"The truth behind Sam's complex lies is as much fun as the philosophical calisthenics he does to justify his falsehoods. Berger's black-and-white comics and illustrations advance the silly plot nicely...Further reading for fans of Timmy Failure and Big Nate." —Kirkus Reviews
"Berger’s angular, caricaturelike cartoons enliven the already comical tale and play up Sam’s exaggerated perspective nicely. Despite his tendency to stretch the truth, amiable, secretly sweet-natured Sam is easy to root for. Straddling the line between illustrated novel and graphic novel, this series starter will easily appeal to fans of Wimpy Kid or Star Wars: Jedi Academy."—Booklist
“A silly, slice-of-life tale with plenty of action and lots of (mildly gross) humor….the charming protagonist, who often falls flat on his face despite good intentions, makes this series entry stand out. VERDICT Fans of Lincoln Peirce’s “Big Nate” and Stephan Pastis’s “Timmy Failure” will adore this title.”—School Library Journal
The Pudding Problem (Lyttle Lies)
Margaret K. McElderry Books / 2017
A boy must untangle the web of lies he’s created in order to prove his innocence in this humorous and cheeky illustrated middle grade novel that’s perfect for “fans of Timmy Failure and Big Nate” (Kirkus Reviews).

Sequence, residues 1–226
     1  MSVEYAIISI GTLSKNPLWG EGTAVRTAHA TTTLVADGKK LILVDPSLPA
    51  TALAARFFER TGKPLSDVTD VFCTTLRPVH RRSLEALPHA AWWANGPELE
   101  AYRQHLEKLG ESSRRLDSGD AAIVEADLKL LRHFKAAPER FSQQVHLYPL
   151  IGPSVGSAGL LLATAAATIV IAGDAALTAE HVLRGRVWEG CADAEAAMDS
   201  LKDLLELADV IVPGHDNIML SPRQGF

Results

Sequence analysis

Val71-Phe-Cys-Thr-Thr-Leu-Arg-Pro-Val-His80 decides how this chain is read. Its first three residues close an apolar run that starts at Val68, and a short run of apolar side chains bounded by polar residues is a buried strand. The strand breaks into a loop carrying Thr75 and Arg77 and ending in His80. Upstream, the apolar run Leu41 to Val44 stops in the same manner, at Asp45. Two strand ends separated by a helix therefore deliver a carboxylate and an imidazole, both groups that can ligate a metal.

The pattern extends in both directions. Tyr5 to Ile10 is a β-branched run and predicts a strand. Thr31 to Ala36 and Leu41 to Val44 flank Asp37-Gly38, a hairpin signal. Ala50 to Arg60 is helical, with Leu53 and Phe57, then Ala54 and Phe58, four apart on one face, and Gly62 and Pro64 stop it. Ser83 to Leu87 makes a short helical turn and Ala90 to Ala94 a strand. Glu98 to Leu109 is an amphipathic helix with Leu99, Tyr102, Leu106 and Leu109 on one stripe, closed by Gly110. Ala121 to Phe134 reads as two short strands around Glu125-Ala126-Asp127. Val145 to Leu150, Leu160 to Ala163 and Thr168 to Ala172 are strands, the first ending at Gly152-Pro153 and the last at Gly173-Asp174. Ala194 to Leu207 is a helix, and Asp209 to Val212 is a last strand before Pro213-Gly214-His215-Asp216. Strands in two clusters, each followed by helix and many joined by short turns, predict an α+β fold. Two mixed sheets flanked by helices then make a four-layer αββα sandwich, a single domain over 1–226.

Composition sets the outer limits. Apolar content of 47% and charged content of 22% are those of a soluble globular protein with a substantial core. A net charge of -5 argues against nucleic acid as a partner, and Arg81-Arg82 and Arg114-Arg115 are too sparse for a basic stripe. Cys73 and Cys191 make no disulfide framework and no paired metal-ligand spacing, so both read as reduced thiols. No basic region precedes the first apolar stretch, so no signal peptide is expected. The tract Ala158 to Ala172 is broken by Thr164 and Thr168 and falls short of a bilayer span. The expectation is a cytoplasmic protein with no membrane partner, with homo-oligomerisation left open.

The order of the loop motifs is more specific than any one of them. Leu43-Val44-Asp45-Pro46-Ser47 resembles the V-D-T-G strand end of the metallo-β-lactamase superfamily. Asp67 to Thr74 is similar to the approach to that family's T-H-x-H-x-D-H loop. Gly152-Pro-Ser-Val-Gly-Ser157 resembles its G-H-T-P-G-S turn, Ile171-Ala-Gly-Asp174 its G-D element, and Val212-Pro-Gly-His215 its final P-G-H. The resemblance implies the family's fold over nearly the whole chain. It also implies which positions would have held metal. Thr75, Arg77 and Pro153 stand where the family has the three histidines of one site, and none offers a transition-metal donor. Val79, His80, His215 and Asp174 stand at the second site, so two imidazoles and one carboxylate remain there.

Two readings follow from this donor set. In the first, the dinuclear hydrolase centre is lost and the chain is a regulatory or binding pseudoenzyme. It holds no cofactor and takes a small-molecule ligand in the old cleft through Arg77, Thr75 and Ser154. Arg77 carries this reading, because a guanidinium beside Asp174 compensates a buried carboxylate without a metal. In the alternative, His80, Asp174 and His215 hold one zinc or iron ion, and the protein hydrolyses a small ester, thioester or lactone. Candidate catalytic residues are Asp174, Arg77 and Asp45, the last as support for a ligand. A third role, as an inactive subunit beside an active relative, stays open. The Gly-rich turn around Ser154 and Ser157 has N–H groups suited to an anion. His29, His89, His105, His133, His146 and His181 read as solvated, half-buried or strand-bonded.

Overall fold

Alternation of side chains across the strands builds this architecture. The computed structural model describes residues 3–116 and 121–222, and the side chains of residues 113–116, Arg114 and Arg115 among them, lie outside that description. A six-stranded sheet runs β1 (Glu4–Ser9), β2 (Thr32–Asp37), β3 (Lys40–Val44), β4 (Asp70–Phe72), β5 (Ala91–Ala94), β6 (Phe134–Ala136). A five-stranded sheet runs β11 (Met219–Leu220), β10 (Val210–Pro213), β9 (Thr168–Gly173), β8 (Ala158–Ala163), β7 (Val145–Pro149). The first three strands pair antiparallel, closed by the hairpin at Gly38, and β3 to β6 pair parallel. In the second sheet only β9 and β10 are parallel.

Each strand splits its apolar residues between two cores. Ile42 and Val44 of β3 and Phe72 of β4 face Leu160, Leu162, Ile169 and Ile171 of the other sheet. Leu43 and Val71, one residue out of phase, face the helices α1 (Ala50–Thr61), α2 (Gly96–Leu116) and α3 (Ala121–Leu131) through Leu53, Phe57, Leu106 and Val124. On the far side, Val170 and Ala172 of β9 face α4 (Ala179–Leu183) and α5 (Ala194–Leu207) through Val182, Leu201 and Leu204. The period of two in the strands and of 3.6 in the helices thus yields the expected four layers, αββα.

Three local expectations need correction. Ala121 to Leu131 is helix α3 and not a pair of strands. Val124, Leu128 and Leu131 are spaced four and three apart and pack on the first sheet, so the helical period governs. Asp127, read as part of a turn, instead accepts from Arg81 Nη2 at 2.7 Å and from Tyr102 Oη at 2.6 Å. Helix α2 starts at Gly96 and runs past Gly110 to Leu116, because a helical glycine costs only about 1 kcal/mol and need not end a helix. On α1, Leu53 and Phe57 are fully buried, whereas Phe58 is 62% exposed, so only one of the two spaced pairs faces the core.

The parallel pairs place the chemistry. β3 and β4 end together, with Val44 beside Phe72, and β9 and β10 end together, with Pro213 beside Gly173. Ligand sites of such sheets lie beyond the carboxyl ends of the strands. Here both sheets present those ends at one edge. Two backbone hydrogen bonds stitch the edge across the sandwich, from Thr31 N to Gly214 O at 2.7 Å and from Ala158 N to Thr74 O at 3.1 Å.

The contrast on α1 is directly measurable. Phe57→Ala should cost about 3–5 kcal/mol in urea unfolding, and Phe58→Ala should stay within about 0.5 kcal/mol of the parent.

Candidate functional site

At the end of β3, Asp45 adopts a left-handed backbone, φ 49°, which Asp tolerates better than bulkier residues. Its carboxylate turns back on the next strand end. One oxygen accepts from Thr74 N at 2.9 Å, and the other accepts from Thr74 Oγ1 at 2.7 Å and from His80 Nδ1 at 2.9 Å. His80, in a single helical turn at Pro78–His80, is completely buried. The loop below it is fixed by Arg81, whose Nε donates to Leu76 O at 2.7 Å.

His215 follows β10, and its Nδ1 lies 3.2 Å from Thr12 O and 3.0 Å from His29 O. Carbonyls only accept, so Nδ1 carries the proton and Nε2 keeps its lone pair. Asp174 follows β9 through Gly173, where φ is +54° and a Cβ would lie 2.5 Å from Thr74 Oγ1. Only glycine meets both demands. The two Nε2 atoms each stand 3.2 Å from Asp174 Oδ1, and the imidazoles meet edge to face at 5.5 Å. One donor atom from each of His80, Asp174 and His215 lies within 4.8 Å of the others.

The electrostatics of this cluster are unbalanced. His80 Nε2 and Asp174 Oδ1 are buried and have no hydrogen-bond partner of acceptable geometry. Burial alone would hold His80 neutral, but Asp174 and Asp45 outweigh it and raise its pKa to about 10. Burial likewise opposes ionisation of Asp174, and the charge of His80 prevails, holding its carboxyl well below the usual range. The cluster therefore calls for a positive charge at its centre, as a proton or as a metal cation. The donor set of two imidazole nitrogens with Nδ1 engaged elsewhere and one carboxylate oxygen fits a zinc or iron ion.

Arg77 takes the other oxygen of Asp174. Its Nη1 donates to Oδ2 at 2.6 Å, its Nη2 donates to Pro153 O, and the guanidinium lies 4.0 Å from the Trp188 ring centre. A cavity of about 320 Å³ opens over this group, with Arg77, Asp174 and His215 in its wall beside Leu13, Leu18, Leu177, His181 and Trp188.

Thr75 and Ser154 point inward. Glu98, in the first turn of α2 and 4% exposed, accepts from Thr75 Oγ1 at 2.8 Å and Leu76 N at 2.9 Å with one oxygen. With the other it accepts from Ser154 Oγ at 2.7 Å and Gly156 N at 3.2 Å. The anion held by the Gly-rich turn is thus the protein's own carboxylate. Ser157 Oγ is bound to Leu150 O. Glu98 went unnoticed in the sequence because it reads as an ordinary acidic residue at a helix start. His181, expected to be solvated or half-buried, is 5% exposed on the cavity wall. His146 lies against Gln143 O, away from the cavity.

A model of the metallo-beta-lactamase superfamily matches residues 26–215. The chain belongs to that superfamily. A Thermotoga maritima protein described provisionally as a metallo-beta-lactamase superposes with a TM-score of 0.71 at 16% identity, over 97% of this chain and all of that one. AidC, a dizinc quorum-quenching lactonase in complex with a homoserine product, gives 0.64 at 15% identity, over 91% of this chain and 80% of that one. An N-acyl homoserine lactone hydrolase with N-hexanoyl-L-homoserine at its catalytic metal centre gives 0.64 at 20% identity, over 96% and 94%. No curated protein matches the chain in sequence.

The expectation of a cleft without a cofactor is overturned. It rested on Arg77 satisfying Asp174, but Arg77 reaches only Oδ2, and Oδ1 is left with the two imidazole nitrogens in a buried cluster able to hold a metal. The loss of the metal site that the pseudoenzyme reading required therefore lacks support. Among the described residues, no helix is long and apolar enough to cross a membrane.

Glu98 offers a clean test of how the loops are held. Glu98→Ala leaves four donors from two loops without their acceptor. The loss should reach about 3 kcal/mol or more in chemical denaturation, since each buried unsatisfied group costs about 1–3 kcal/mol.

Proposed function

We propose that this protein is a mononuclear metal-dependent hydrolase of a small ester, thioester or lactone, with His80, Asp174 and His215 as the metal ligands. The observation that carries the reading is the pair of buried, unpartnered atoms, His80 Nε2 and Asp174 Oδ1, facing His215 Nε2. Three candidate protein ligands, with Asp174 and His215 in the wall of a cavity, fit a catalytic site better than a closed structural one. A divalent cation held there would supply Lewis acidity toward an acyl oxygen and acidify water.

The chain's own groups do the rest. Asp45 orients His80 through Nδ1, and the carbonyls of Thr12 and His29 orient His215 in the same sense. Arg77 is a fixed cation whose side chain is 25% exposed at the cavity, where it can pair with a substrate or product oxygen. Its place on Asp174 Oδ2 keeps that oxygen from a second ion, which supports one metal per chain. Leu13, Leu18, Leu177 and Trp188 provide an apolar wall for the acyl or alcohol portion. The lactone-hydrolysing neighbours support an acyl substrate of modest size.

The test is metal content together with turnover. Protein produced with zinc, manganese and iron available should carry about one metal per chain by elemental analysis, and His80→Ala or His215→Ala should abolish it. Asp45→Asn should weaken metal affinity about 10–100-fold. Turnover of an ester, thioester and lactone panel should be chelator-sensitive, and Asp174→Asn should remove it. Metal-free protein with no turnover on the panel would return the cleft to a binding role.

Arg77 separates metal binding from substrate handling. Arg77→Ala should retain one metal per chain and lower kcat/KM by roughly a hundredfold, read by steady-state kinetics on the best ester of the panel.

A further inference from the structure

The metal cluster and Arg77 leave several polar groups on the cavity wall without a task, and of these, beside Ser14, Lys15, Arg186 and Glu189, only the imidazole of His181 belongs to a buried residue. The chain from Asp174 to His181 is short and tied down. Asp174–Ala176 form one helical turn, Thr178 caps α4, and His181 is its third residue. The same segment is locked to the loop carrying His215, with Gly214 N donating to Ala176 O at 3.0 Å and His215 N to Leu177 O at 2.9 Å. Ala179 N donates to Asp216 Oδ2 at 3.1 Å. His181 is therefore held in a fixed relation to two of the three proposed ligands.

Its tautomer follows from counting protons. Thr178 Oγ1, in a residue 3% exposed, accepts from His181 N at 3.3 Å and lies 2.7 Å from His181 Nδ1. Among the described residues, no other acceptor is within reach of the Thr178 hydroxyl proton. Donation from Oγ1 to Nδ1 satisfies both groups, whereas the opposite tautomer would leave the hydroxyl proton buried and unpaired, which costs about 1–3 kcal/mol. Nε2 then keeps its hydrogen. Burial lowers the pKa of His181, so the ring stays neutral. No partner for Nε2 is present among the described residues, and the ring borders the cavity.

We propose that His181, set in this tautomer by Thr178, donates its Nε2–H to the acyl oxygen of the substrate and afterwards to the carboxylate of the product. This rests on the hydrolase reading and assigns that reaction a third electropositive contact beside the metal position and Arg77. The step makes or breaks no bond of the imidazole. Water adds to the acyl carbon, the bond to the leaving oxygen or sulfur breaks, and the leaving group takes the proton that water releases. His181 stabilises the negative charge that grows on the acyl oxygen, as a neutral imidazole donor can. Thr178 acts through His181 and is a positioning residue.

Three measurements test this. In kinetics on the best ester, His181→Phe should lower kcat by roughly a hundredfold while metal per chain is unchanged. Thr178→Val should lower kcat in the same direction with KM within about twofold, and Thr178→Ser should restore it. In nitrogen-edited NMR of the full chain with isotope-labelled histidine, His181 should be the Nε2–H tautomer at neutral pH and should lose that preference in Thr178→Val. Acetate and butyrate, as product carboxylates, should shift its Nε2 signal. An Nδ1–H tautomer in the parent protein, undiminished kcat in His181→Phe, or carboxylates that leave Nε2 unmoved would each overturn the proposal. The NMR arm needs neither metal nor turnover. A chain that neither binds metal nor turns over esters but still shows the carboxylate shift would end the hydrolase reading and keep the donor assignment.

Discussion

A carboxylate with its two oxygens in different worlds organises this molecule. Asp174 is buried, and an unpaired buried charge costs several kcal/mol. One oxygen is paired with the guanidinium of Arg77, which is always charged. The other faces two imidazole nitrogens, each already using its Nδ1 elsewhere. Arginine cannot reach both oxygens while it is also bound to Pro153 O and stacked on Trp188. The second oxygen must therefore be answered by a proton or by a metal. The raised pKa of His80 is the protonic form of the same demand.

Sam Lyttle is prone to stretching the truth. Most of his lies are harmless; tall tales and the product of an overactive imagination. So when Sam is summoned to explain a strange discovery—a ping-pong ball in a jar of peanut butter—and denies involvement, no one believes him. Then more seemingly unrelated peculiarities emerge, and Sam categorically denies any knowledge of those, too.
In between these mysterious accusations, and with evidence mounting against him, Sam ruminates on the different sorts of lies he has told using examples from his past. Meanwhile, two pounds of potatoes wind up in the washing machine.
Sam comes to a decision: he decides it is time to come clean about this latest tangled web. He gathers his family to hear the truth. The whole truth. Or is it? Could it be that this final “truth” is, in fact, another lie?